In Financial Infidelity, Bonnie Eaker Weil, a New York-based relationship therapist, writes about why spouses lie to each other about money and how to stop. She argues that any kind of fib, even failing to tell a partner about a purchase, is a problem. U.S. News spoke with Weil about how to deal with money conflicts in relationships. Excerpts:
What is financial infidelity?
It's something that somebody does behind somebody else's back. It's not just about hiding. It's not about the secret. It's really about the deceit behind the lying and the secret. And it's actually, in my opinion, a subtle form of cheating, and you don't even realize that you're doing it. There's no such thing as an innocent financial fib. One of the worst parts of financial infidelity is not just keeping a secret but omitting [any mention of your spending]. In my book, you're lying if you're omitting it and spend money on something that you hide.
Are you saying you should really not have any secrets at all from your partner?
Yes, you should not have any secrets. The only thing I tell people is that if you have a fantasy about another man or woman, I don't think it's very helpful to tell [your partner]. But most of the time, if you hide something, you're going to be very distant and irritable with your partner, because you're doing something you feel guilty about. But what if you have a habit, like buying a daily latte, that really bothers your partner?
That is a question. I always tell people they should have their own money, especially women. Because I don't like to have somebody saying to me—I call it "mother, may I?"—you don't want to get into that position where you're the little girl or you're the little boy, and the other person is your parent. You want to have your own money and certain things are guilt-free, and you just do what you want with it. If you want to buy a latte, or lipstick, or a facial, or get a massage, you do not have to ask permission because it's your own money. You can say anything over $50, you discuss it, but you don't want to get in a position where you ask permission all the time.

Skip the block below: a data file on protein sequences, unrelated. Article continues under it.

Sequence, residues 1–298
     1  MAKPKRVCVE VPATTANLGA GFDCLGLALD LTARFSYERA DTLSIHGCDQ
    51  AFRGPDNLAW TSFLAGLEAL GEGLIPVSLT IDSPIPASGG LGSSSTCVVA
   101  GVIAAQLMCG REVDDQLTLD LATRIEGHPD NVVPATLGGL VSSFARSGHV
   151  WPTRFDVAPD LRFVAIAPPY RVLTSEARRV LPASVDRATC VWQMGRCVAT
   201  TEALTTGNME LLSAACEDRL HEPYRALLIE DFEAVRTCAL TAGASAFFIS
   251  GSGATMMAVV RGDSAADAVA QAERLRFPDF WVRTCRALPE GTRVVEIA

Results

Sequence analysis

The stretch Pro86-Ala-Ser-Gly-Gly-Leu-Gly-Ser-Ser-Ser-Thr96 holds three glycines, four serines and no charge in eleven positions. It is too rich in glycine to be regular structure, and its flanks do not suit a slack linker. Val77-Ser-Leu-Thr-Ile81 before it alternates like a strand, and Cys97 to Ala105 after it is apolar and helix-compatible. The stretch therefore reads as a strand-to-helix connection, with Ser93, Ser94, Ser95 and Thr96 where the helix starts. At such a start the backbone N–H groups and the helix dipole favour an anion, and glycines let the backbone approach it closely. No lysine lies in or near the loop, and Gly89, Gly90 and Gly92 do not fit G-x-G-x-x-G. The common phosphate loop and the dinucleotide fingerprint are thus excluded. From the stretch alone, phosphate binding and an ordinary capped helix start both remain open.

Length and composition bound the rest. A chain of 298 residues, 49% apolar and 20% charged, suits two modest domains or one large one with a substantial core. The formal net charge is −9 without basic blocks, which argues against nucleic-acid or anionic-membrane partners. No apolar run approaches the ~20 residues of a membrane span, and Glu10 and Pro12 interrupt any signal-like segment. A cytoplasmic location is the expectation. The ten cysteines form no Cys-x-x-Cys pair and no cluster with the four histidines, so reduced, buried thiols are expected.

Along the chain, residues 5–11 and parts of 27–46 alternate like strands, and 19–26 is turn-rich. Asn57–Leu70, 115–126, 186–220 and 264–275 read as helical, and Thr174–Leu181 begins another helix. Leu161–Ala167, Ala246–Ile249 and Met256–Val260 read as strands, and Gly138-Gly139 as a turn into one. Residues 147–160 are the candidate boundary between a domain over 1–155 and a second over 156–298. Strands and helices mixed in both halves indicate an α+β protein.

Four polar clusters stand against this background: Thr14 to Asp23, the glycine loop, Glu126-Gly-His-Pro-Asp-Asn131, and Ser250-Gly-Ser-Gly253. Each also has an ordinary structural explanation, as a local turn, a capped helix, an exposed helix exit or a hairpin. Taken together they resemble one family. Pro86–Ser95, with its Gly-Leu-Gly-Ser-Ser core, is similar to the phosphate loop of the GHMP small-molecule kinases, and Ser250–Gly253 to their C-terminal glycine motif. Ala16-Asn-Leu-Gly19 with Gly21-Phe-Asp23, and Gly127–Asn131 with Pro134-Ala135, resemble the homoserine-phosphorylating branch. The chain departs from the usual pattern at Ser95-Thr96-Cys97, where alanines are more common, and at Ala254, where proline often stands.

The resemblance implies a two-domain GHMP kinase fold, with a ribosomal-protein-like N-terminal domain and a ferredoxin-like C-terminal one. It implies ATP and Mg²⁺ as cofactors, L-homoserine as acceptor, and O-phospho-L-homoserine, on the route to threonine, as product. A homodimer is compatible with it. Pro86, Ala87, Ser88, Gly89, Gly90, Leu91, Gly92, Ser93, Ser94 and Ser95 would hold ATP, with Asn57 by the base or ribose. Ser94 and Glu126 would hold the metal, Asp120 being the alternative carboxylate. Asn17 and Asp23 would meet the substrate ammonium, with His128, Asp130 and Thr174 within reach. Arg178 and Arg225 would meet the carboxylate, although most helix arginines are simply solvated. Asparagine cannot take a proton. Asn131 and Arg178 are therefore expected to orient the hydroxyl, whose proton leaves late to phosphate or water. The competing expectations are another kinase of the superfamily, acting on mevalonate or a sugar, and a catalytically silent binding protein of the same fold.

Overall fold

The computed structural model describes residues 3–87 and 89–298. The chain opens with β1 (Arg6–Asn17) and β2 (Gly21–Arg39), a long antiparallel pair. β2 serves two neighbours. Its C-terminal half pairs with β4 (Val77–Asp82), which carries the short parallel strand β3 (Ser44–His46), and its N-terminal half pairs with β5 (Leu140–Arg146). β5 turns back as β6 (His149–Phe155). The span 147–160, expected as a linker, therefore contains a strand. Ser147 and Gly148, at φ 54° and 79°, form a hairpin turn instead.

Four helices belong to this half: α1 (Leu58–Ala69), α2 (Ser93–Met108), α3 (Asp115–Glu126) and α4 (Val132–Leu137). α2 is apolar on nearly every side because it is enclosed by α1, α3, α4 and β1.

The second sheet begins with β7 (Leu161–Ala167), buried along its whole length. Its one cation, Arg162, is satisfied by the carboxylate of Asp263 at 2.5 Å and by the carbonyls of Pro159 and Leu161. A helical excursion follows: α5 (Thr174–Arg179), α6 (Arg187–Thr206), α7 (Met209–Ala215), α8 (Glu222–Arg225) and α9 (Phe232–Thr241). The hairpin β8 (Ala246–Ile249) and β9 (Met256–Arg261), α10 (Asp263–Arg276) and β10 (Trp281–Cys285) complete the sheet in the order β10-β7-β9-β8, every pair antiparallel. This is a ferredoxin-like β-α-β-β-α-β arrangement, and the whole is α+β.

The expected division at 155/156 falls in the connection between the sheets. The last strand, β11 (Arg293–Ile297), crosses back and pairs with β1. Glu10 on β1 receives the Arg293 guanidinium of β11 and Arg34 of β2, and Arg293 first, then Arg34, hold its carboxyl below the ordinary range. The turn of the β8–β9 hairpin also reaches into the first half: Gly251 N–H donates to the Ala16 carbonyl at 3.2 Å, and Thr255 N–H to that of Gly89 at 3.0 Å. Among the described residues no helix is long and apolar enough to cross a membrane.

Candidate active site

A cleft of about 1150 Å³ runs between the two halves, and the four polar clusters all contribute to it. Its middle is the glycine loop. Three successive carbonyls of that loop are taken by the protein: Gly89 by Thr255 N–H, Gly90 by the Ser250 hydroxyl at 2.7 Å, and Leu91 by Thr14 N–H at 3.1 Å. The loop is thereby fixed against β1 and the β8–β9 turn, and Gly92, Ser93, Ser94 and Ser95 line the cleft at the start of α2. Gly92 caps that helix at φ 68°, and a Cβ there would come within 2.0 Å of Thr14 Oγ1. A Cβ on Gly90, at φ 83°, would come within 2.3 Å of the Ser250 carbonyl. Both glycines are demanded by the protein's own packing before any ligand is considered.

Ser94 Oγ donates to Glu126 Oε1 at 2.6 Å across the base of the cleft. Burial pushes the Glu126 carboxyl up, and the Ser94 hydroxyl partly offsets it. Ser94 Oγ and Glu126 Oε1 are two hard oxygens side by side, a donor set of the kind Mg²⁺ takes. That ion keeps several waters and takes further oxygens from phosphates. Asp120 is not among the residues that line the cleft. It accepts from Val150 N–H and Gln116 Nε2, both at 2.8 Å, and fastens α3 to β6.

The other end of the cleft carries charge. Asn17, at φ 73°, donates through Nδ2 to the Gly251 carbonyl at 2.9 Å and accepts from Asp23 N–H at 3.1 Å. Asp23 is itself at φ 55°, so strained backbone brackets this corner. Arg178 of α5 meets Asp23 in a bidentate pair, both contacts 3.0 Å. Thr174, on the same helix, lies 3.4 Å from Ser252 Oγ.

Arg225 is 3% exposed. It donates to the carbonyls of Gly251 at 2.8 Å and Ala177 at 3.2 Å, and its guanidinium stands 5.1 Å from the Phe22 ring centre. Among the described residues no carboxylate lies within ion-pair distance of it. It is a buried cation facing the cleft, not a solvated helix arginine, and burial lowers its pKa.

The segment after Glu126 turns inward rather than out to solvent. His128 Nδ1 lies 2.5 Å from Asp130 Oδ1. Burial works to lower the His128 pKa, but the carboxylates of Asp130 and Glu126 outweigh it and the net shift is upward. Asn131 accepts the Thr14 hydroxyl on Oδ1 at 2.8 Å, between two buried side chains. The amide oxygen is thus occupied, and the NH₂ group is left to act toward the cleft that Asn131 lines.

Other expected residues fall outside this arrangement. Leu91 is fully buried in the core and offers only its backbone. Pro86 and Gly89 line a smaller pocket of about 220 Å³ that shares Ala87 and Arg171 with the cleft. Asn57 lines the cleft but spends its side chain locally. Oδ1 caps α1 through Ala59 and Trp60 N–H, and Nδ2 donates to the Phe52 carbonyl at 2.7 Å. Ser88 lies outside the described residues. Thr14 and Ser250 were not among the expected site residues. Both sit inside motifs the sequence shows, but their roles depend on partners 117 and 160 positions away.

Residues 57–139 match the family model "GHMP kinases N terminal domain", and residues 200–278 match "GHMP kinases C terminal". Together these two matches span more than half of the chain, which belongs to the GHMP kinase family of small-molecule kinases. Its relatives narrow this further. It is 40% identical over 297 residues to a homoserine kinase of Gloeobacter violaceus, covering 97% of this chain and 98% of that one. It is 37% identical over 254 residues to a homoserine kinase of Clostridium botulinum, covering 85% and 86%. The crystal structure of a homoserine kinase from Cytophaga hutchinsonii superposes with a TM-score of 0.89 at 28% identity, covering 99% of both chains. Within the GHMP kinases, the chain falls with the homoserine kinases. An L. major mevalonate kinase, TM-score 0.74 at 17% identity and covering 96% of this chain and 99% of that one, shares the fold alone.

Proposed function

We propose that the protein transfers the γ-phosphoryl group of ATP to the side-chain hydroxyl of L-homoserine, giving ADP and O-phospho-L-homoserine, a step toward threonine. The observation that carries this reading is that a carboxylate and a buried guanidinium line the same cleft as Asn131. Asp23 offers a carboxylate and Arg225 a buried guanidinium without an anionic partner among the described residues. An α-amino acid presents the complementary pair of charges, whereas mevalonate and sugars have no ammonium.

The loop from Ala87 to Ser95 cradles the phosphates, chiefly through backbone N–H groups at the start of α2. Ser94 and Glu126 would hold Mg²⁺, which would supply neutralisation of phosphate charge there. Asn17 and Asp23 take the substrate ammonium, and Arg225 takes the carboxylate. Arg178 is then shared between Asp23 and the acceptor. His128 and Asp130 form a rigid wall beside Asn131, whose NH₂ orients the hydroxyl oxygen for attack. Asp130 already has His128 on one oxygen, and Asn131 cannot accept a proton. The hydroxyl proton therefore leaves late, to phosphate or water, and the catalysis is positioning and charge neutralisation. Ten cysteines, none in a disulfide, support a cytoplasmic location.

It depends a lot on the relationship. You pick a person who is going to give you the most trouble, so you can get somewhere to the middle. If you say you're upset with him because he's saying, "Why did you buy the latte?" you probably picked him because you want someone to calm you down so you're not so much the spendthrift, and he picked you so he can live a little. You have to sit down and talk about it, and I give scripts you can use in my book. Could you give an example of a type of script you might use?
Let's say you are married. This is what you're not supposed to do: The person would say to you, "I can't believe that you're spending all this money on your mother with medical expenses. I wanted to buy a new house, and now we can't." That's what not to do. What's wrong with that?
That's blame and shame. And once you blame and shame, people move away, they shut down, they hold a grudge. So the way you would say it would be, "It makes sense and I can totally understand how worried you are about your mother and why you would like to pay for the medical bills." That's validating. The next sentence would be, "I'm wondering how we could afford a new house if you pay for your mother's medical bills." Then the person can say, "Maybe I can get a new job. Maybe I can ask my brother to help with the bills." So you need to be empathetic.
Exactly. We're trying to bring out the love between two people. So in this case, once the wife is understanding about the medical bills, the man is more willing to say, "Let's give it a shot." But if you're blaming and shaming, he's always going to stick up for his mother. When should you start talking about money?
I believe in the early rounds of dating, say by the second or third date, you should be using the money language of love and finding out where this person is money-wise. Often people are in the honeymoon stage, their heads are in the clouds, and then they get married, and then they have a big problem.